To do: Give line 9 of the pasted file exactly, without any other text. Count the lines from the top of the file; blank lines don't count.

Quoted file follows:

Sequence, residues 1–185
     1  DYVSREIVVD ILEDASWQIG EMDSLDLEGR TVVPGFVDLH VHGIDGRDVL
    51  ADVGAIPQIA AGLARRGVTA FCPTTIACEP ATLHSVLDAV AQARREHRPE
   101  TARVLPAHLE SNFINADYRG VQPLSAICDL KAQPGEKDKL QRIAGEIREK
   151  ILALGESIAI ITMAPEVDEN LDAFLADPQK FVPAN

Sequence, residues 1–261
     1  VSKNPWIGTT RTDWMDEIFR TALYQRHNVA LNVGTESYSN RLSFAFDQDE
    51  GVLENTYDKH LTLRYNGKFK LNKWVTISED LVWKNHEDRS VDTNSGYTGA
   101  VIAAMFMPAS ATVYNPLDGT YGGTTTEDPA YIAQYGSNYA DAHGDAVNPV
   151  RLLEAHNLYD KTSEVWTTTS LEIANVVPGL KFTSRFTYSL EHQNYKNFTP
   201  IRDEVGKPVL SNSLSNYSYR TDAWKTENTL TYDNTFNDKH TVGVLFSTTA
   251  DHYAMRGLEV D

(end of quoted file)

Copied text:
   101  VIAAMFMPAS ATVYNPLDGT YGGTTTEDPA YIAQYGSNYA DAHGDAVNPV